Deaf Apostles in the Upper Room
In the upper room, His hour had finally come. Immediately after His baptism, He spent those forty days in the wilderness. Luke 4:2 shows that every one of those forty days He had been tempted by the Devil. There were those three great temptations at the end of that period; and victorious Jesus won and the Devil departed from Him. Satan had returned and before Him lay the greatest trial—Gethsemane and Golgotha. His hour had finally come. His greatest hour of temptation lay before Him.
The Passover was at hand and He gathered the apostles for that last supper. He ate it with them. As they sat around that table He instituted His Supper and promised He would eat it with them when His kingdom was established. Immediately after making this promise, He startled them by saying, “Behold, the hand of My betrayer is with Me on the table” (Luke 22:21). We know the apostles’ response with each of them asking, “Is it I?” None of them thought it might be Judas. Before they left that upper room, He said something even more remarkable which we many have overlooked. At least it was something that each of the disciples failed to hear. “All of you will be made to stumble because of Me this night” (Matt. 26:30).
It seems they heard only His words about the betrayer. Read their conversation carefully. They did not spend much time on Judas. Instead they focused on who would be the greatest in the kingdom. Their pride and arrogance stand in marked contrast to the Lord of all mankind kneeling before each of them and washing their feet. They heard the words about the betrayer and ignored the sobering words about all of them stumbling that very night. It was not only Peter who said, “Even if I have to die with you, I will not deny you” (Matt. 26:35). They all said these same words.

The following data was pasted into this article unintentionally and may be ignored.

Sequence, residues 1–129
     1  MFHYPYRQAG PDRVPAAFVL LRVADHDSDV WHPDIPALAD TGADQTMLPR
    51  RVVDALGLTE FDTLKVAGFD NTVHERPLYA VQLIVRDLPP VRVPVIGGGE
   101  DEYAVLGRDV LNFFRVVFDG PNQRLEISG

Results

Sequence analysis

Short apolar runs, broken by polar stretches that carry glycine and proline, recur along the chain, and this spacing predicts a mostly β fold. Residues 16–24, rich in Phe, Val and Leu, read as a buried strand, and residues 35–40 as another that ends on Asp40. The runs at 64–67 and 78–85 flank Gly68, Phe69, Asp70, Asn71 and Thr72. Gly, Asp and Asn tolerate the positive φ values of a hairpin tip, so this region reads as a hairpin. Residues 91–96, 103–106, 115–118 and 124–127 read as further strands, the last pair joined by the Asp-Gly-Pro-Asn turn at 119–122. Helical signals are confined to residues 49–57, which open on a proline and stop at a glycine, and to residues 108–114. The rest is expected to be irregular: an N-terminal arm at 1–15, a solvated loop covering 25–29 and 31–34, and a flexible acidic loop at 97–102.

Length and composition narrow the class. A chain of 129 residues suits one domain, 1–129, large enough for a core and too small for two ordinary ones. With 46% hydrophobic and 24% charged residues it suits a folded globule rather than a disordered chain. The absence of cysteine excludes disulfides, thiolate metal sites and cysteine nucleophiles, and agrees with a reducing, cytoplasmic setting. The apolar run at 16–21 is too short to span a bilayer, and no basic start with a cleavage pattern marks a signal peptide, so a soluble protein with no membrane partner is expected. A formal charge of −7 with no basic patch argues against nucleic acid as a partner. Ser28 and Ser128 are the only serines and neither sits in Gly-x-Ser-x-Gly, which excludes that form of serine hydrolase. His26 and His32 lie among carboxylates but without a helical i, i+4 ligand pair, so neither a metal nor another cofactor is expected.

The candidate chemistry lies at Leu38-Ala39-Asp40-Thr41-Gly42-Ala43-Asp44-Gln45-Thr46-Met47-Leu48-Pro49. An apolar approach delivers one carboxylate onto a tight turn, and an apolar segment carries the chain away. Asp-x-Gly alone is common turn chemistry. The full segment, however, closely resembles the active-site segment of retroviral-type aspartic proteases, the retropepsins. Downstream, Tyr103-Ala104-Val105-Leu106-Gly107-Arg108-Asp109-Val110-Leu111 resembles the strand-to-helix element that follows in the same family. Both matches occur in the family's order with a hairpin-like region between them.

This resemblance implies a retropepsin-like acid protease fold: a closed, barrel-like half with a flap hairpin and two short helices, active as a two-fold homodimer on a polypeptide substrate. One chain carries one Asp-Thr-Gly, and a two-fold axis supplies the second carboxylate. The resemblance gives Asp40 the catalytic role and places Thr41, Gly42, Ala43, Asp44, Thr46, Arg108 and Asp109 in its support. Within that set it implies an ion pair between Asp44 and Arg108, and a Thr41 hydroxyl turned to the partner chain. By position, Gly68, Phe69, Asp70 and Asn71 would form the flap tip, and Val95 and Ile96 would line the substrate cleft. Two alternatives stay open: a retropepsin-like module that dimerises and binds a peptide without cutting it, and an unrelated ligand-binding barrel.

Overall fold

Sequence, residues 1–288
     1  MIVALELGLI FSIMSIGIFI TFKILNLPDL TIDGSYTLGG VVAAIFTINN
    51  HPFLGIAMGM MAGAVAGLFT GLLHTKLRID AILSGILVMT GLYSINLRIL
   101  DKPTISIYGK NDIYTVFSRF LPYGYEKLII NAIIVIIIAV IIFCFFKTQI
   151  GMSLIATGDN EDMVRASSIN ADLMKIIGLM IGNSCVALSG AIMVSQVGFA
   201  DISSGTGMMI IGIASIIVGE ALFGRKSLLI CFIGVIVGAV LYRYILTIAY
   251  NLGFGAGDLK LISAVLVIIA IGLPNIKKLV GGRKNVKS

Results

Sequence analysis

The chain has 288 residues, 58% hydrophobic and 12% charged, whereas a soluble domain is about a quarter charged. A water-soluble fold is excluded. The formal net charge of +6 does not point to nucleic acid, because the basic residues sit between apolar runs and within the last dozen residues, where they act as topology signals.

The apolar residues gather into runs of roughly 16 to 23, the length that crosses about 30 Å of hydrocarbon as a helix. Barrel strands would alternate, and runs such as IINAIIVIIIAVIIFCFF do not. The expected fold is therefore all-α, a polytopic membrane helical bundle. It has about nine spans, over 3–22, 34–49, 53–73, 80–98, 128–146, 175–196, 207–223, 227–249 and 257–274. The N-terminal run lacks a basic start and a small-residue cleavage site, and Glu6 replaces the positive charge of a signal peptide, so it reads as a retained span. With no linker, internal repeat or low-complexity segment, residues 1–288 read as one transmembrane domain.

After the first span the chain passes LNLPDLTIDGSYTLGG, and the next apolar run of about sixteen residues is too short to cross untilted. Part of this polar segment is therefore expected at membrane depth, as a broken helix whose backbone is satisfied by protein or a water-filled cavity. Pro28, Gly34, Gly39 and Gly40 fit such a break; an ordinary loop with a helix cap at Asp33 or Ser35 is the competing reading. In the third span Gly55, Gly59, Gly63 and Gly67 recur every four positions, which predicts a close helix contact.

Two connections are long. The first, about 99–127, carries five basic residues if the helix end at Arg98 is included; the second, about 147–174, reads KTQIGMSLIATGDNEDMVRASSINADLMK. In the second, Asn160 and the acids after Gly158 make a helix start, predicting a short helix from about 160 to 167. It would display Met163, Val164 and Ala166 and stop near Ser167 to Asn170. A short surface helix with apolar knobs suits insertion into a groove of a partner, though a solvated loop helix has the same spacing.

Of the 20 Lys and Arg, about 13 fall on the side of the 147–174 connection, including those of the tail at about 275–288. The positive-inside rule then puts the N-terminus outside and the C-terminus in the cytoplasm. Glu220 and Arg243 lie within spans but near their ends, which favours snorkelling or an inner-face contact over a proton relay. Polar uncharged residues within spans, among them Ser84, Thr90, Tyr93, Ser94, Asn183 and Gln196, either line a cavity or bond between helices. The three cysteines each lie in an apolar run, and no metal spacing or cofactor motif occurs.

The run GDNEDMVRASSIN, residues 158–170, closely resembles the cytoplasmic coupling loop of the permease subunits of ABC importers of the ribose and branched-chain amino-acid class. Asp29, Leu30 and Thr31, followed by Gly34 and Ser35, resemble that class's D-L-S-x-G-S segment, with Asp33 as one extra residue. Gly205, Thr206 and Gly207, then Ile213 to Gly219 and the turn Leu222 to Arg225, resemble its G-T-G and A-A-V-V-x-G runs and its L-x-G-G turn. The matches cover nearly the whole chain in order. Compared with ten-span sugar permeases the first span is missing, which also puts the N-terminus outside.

They then sang a hymn and left the upper room. The events which had just happened would change the destiny of the world. Yet their concern was not about what really mattered.
Is it possible that we too do this very thing? We come to the worship. We sit and eat the Supper with Him. We sing with Him and then we listen as His messengers speak to us, giving us His words in that assembly. Is it possible that we, like the disciples, hear only the words which talk of others’ sins and never hear the words which apply to us and which could change our hearts? We sing a hymn and leave that assembly never having heard the words which apply to us. God help us never to sit with Him around His table, to sing hymns with Him and then leave, failing to apply His words spoken to us. God help us to never be “deaf” and fail to hear the words from heaven.